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U.S. And Jordan Sign Nuke Pact

The United States has signed an accord with Jordan aimed at supporting the peaceful development of the kingdom's nascent nuclear program, the U.S. Embassy said Sunday.

The agreement comes at a time of heightened tensions over Iran's nuclear program, which the U.S. suspects is a cover for weapons development but Tehran insists is for peaceful purposes.

Also wary of Shiite Iran's intentions, Jordan and several other Sunni Arab countries have recently announced plans to develop peaceful nuclear programs.

U.S. Secretary of Energy Samuel Bodman and Jordanian Minister for Scientific Research Khaled Toukan signed the memorandum of understanding on the sidelines of a nuclear energy summit in Vienna, Austria.

Under the agreement, "the two countries will work together to develop requirements for appropriate power reactors, fuel service arrangements, civilian training, nuclear safety, energy technology and other related areas," the U.S. Embassy said in a statement.

Jordan's King Abdullah II announced his intention to develop a peaceful nuclear program in January, saying alternative energy sources were needed to generate electricity and desalinate water in the kingdom.

Jordan has signed the Nuclear Nonproliferation Treaty and has long called for a Middle East free of weapons of mass destruction.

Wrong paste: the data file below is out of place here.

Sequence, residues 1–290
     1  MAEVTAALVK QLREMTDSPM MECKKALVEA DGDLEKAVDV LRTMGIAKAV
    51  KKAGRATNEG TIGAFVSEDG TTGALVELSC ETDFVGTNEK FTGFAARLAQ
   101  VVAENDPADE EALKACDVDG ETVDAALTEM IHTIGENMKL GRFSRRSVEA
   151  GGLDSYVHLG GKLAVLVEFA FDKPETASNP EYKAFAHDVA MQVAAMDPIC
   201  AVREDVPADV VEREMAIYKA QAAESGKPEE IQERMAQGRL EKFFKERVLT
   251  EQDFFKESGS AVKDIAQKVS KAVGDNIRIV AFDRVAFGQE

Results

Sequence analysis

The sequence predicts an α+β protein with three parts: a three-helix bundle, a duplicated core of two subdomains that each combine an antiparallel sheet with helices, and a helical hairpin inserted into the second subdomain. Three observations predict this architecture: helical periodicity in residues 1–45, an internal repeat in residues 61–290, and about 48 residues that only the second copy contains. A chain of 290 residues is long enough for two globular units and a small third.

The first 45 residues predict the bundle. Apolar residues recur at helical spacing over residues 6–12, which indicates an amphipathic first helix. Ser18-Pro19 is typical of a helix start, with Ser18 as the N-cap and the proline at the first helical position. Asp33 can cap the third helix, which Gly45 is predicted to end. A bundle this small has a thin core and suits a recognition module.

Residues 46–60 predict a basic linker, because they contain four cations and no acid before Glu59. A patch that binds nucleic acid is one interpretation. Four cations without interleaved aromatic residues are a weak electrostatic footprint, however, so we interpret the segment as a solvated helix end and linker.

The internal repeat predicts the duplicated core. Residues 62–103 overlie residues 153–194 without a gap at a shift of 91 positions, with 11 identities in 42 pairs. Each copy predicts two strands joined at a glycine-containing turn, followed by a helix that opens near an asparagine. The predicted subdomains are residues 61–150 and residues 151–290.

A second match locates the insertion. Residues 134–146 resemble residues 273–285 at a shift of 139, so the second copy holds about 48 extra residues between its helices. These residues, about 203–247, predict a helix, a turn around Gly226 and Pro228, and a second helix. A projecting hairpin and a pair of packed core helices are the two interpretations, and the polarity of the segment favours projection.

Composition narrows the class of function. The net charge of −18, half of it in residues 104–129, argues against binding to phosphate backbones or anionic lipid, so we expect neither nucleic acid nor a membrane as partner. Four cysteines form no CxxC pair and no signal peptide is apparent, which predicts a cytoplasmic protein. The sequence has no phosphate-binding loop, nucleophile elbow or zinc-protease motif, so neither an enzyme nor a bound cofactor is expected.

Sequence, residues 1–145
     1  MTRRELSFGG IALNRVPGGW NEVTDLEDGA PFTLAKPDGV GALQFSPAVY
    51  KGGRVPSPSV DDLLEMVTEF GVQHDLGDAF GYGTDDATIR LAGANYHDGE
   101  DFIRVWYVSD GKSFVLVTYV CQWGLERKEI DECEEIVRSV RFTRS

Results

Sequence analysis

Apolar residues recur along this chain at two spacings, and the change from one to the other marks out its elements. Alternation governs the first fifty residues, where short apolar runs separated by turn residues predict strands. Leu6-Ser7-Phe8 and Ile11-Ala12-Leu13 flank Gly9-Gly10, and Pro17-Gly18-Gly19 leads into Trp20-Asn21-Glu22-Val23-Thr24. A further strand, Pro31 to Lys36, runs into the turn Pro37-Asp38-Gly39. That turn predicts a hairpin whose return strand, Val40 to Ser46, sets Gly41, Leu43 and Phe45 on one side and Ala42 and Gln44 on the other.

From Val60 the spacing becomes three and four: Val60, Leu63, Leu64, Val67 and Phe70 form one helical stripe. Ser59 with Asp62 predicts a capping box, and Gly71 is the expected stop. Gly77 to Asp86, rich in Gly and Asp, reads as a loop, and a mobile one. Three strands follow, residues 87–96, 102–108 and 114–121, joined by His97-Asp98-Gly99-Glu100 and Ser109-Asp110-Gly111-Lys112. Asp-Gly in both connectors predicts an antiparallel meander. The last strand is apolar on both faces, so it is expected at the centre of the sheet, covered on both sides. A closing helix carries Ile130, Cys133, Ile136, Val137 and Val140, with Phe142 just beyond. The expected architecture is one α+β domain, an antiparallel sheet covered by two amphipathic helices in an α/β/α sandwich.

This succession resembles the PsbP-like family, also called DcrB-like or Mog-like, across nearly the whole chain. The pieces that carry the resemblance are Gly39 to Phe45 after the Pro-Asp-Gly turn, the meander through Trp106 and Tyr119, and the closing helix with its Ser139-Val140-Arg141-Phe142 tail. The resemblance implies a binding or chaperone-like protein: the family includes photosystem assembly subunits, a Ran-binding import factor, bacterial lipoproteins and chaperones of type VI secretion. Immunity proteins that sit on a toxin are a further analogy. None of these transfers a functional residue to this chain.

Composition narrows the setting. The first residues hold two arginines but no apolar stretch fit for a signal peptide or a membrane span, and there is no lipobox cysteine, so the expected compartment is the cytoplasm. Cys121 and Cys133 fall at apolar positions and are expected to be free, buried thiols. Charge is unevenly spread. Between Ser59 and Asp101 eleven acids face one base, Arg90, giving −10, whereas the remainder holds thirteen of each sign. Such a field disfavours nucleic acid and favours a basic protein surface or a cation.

Last month, Toukan said nuclear energy would constitute 30 percent of the energy produced in Jordan by 2030 and convert the kingdom into an energy exporter, based on studies his ministry conducted.

Jordan's energy czar Khaled al-Shraydeh has said the country possesses the uranium needed to develop the program. The country is estimated to have 80,000 tons of uranium, and its phosphate reserves also contain some 100,000 tons of uranium.

The United States is also giving Jordan an additional $78 million this year to boost its efforts to combat terrorism and improve education and health services in communities that have received a large influx of Iraqi citizens, the U.S. Embassy said.

The money, which will be disbursed by Sept. 30, is in addition to $454 million in economic and military aid already appropriated this fiscal year for Jordan.

Jordan and Syria host the largest percentage of the more than 2 million displaced Iraqis, and complain of the increasing burden on their health and education systems. Smaller numbers of Iraqis have fled to Lebanon, Egypt and Turkey.

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